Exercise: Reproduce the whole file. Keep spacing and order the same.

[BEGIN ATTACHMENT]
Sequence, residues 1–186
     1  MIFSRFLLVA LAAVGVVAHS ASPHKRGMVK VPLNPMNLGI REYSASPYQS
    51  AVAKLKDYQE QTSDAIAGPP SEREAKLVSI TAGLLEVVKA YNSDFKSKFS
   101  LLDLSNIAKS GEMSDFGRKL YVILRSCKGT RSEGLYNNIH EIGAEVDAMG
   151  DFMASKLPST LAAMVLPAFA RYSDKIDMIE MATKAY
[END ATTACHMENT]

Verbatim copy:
Sequence, residues 1–186
     1  MIFSRFLLVA LAAVGVVAHS ASPHKRGMVK VPLNPMNLGI REYSASPYQS
    51  AVAKLKDYQE QTSDAIAGPP SEREAKLVSI TAGLLEVVKA YNSDFKSKFS
   101  LLDLSNIAKS GEMSDFGRKL YVILRSCKGT RSEGLYNNIH EIGAEVDAMG
   151  DFMASKLPST LAAMVLPAFA RYSDKIDMIE MATKAY